The second night of the festival proper started much as the first had, with one of my favorite organ grinders, in this case Bernie Worrell of P-Funk fame. For the most part, the band kept within the common parameters of familiar funk, only occasionally venturing into the type of dirty skronky that Worrell brought to such jammier outfits as Colonel Claypool’s Bucket of Bernie Brains and Bill Laswell’s Praxis. But even just a taste of the nasty is worth the relatively early 8pm start.
Speaking of Laswell, he was slotted to go on next, but had to be replaced at the last minute, which is a shame because he trades in the kind of nasty dub bass bombs I crave. Luckily his replacement, jazz scion Ravi Coltrane, who though trading in a more conventional jazz vernacular (in a post-fusion era anyways) is no slouch either. His capable trio was held down by the versatile virtuosic Nikki Glaspie on skins, who can more often be found backing Beyoncé on tour.
As with any festival, it was impossible to catch everything I desired. The night prior I had missed the progressive metal jazz rock of the recommended Jerseyband and tonight I missed all but the very end of Mostly Other People Do The Killing. On the bright side, I procured a prime locale for the next act – a couch in the balcony with unencumbered sightlines. This is how all music should ideally be seen. New friends shared French fries and old friends finagled their way in. The next band though left much to be desired. Shahzad Ismaily, Ches Smith, and Mat Maneri brought little of the edge their Secret Chief 3 roots would suggest, veering closer to pretension than intrigue.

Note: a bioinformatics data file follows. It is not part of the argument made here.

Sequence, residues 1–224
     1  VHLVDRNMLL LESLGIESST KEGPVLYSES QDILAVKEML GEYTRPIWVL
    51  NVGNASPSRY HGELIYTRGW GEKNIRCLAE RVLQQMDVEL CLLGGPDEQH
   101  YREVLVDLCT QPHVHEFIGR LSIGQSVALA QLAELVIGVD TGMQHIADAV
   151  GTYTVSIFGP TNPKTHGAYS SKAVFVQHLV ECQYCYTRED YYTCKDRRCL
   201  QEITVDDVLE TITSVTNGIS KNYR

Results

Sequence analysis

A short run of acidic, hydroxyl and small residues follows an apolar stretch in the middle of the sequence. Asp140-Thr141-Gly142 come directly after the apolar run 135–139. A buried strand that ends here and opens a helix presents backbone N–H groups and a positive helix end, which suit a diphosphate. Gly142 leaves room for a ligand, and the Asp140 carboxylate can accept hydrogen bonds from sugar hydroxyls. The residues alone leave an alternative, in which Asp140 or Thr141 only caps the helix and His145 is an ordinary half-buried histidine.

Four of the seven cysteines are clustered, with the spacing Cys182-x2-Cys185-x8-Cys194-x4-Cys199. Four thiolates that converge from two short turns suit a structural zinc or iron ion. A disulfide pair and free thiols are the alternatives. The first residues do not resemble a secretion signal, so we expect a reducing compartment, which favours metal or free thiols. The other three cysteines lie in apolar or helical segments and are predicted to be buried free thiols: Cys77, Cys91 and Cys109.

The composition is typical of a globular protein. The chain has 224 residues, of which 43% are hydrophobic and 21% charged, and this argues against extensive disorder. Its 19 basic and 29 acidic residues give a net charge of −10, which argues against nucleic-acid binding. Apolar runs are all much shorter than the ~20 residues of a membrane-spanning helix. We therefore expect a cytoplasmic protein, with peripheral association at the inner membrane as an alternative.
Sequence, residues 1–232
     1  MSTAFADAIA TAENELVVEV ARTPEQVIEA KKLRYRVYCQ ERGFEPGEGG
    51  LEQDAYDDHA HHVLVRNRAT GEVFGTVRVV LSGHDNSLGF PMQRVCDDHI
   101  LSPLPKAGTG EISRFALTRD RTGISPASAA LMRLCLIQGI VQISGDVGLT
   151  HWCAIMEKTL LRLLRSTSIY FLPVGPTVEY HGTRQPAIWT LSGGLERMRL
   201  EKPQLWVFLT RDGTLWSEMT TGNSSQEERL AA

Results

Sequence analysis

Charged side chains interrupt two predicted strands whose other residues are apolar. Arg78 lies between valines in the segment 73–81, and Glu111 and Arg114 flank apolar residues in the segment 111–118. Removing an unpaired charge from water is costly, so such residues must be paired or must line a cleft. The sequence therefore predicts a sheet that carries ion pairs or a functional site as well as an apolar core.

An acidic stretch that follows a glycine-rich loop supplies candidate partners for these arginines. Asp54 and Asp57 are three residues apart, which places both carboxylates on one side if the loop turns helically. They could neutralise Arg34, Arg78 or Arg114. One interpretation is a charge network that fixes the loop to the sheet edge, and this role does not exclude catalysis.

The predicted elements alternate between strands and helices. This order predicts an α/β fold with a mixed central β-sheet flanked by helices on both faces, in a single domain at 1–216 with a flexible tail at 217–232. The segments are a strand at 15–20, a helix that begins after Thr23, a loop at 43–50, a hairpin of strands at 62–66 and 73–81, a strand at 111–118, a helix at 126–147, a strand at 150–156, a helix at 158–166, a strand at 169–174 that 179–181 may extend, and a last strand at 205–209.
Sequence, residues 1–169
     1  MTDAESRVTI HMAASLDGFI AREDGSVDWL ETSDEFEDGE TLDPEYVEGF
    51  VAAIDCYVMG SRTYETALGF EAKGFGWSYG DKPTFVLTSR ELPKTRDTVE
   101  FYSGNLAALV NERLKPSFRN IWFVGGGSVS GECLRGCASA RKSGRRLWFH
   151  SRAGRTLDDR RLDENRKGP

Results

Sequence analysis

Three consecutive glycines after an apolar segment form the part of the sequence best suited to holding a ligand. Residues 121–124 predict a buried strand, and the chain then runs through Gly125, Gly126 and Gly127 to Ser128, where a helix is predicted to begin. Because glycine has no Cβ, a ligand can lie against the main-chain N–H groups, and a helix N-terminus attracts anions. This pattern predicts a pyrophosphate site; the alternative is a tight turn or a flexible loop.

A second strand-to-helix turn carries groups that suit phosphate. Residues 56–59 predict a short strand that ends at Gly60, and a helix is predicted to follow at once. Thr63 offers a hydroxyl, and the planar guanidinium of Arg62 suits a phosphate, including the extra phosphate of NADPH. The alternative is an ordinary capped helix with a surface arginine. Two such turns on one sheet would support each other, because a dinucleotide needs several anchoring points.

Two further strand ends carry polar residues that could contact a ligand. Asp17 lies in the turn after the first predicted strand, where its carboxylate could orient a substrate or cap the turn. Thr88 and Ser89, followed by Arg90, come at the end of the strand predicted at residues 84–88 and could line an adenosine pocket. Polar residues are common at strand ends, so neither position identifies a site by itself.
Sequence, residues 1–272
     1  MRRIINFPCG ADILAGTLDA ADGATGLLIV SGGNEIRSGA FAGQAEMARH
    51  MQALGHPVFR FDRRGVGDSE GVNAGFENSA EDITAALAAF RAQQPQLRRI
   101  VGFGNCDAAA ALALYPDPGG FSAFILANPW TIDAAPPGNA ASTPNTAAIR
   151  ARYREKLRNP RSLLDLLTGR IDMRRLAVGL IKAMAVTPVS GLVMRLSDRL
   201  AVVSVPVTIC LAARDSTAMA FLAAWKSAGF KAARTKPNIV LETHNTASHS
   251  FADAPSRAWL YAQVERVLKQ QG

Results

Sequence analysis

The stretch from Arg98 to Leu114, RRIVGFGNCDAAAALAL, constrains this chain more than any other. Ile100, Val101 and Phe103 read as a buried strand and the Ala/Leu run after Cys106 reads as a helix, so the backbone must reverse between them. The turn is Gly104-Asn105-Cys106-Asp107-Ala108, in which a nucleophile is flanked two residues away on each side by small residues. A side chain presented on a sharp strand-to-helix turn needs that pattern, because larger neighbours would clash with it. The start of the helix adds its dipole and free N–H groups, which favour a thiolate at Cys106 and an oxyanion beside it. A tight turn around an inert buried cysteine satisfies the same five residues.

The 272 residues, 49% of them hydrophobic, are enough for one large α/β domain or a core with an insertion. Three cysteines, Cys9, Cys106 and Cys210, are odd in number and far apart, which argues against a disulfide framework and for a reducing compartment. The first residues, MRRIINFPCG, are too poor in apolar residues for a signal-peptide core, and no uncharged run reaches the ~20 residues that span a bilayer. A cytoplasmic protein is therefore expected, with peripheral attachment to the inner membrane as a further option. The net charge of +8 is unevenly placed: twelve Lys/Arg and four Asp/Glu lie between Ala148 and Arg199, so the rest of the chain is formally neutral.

Women in jazz, vocalists notwithstanding, are certainly increasingly prevalent compare to previous eras, but still woefully underrepresented for the most part, which this festival aimed to remedy. Allison Miller’s BOOM TIC BOOM featured not only the vintage drum style of the leader, but Jenny Scheinman on violin and Myra Melford on piano with Brad Jones providing the sole Y chromosome on bass. Their genial interplay was well worth the longest wait of the weekend at the Bitter End. Back at Kenny’s, Sifter’s Mary Halvorson displayed the technical skill and on-the-fly innovation that make her the most interesting young guitarist in weird jazz today. At LPR, Cindy Blackman-Santana commanded both her band and kit with aplomb, dexterity and authority. (Yes, she is Carlos’ proverbial Black Magic Woman.) A great night for the ladies (and the kids – Blackman’s band featured Jaco’s, Felix Pastorius).
As DJ Spinna spun funk and R&B classics, we ambled out of LPR to conclude the evening and the festival at Sullivan where Jesse Fischer & Soul Cycle were wrapping up, the inimitably coifed Casey Benjamin blowing saxophone swirls into the unseasonably warm night. Marc Cary’s Cosmic Indigenous provided the penultimate set, African dancers and piles of percussion punctuating a primer in contemporary popular jazz. A successful festival does many things. It should provide musical entertainment and education, but also foster the uplifting camaraderie that harkens the festive. By all measures, this year’s Winter Jazzfest triumphed. You would be wise to add it to your New Year’s agenda next year.